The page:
— Shared 4 hours ago - 280 notes - via / Source - reblog

— Shared 5 hours ago - 320,386 notes - via / Source - reblog

— Shared 6 hours ago - 275 notes - via / Source - reblog

No one ever looked for a girl, it was a prince that was promised, not a princess.


— Shared 6 hours ago - 338 notes - via / Source - reblog





"No one ever looked for a girl… It was a prince that was promised, not a princess. Rhaegar I thought… the smoke was from the fire that devoured Summerhall on the day of his birth, the salt from the tears shed for those who died. He shared my belief when he was young, but later he became persuaded that it was his own son who fulfilled the prophecy, for a comet had been seen above King’s Landing on the night Aegon was conceived, and Rhaegar was certain the bleeding star had to be a comet.”"What fools we were, who thought ourselves so wise! The error crept in from the translation. Dragons are neither male nor female, Barth saw the truth of that, but now one and now the other, as changeable as flame. The language misled us all for a thousand years.” “Daenerys is the one, born amidst salt and smoke. The dragons prove it." [x]

"No one ever looked for a girl… It was a prince that was promised, not a princess. Rhaegar I thought… the smoke was from the fire that devoured Summerhall on the day of his birth, the salt from the tears shed for those who died. He shared my belief when he was young, but later he became persuaded that it was his own son who fulfilled the prophecy, for a comet had been seen above King’s Landing on the night Aegon was conceived, and Rhaegar was certain the bleeding star had to be a comet.”
"What fools we were, who thought ourselves so wise! The error crept in from the translation. Dragons are neither male nor female, Barth saw the truth of that, but now one and now the other, as changeable as flame. The language misled us all for a thousand years.”
Daenerys is the one, born amidst salt and smoke. The dragons prove it." [x]


— Shared 7 hours ago - 799 notes - via / Source - reblog

(for cauthons)


— Shared 7 hours ago - 20,379 notes - via / Source - reblog

ihateallthepeople:

My skin has turned to porcelain, to ivory, to steel.

Happy. Broken. Empty.


— Shared 7 hours ago - 95,579 notes - via / Source - reblog

— Shared 7 hours ago - 268,185 notes - via / Source - reblog

— Shared 7 hours ago - 30,341 notes - via / Source - reblog

— Shared 7 hours ago - 1,038 notes - via / Source - reblog

mademoisellesansa:

He had not been dead when she left the throne room. He had been on his knees, though, clawing at his throat, tearing at his own skin as he fought to breathe. The sight of it had been too terrible to watch, and she had turned and fled, sobbing. Lady Tanda had been fleeing as well. “You have a good heart, my lady,” she said to Sansa. “Not every maid would weep so for a man who set her aside and wed her to a dwarf.”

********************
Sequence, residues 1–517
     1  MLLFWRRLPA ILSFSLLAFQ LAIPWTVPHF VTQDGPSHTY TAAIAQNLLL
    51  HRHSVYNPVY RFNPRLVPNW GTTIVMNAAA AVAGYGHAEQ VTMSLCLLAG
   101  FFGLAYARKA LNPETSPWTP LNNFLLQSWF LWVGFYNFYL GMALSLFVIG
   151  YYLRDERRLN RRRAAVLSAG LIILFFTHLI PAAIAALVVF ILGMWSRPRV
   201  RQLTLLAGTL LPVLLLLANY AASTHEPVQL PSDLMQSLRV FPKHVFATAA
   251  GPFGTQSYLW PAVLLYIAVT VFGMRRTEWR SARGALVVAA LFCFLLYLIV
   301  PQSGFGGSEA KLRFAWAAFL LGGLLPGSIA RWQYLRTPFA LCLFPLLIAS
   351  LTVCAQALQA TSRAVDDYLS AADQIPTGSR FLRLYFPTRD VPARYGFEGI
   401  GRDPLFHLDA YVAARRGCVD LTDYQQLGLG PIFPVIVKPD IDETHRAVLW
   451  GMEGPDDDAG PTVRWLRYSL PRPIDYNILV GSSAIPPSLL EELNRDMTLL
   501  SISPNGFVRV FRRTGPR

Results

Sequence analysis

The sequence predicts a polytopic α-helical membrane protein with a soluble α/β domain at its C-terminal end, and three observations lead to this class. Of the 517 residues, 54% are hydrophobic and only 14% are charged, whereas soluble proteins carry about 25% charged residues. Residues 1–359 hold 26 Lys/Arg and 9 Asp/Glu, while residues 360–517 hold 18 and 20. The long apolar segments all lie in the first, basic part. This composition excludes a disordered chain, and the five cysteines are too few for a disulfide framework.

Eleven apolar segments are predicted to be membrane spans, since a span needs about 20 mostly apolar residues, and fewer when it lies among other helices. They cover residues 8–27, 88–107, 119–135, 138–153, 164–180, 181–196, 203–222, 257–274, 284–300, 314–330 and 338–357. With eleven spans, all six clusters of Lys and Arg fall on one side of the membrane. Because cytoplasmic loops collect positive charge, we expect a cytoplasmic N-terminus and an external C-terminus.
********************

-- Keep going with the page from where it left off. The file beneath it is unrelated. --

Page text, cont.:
A good heart. I have a good heart. Hysterical laughter rose up her gullet, but Sansa choked it back down. The bells were ringing, slow and mournful. Ringing, ringing, ringing. They had rung for King Robert the same way. Joffrey was dead, he was dead, he was dead, dead, dead. Why was she crying, when she wanted to dance? Were they tears of joy?

- Sansa, ASOS

Just~ As a Sansa fan I wanted to remind everyone that the book leaves Sansa’s reaction to Joffrey’s death ambiguous at best. Rather than a consistent feeling of joy or relief or satisfied vengeance, Sansa experiences a disconnect between what she thinks she feels and how she is actually physically and emotionally reacting to the death.

Her instinctive and initial reaction to the cruel and unsightly death that Joffrey suffers is to “turn and flee, sobbing” because “the sight of it had been too terrible to watch,” not to feel any form of positive emotion. It is only later, when she has time to reflect on the course of events that she begins to think about how she should feel and what Joffrey’s death actually means for her.

And even after concluding that, logically, she should feel joyous about Joffrey’s death, Sansa continues to weep - no longer for Joffrey, but for Robb and for Margaery. Because this is the kind of person that Sansa is - not someone who dwells on the satisfaction of seeing a hated enemy dead at her feet, but someone who instinctively recoils from the suffering and pain of others and, even when she can no longer find it in herself to feel compassion for the victim, is still much more concerned with the effect of Joffrey’s death on “poor Margaery, twice wed and twice widowed” than she is with the vengeful satisfaction that the death should afford to her.

I’ve just been seeing quite a few posts about how Sansa would be celebrating or extremely happy over Joffrey’s death in the Purple Wedding so I wanted to take a moment to remind everyone about the actual text of her reaction in the series :D